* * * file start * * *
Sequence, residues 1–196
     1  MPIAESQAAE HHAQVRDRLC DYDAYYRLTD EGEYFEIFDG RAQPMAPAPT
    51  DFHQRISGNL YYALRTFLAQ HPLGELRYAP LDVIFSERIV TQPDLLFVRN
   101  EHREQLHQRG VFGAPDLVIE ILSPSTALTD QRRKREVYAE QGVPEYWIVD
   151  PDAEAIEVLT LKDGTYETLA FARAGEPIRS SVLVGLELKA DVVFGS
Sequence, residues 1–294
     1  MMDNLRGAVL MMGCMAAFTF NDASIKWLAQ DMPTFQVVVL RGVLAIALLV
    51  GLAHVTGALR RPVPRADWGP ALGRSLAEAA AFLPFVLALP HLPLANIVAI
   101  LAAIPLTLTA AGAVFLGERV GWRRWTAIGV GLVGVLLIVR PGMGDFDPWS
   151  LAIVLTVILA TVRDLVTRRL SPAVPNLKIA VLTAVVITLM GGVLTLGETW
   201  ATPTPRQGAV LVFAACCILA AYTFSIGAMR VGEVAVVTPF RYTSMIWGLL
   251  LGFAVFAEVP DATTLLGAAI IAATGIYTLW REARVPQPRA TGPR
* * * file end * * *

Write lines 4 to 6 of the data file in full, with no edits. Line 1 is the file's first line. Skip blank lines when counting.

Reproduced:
   101  EHREQLHQRG VFGAPDLVIE ILSPSTALTD QRRKREVYAE QGVPEYWIVD
   151  PDAEAIEVLT LKDGTYETLA FARAGEPIRS SVLVGLELKA DVVFGS
Sequence, residues 1–294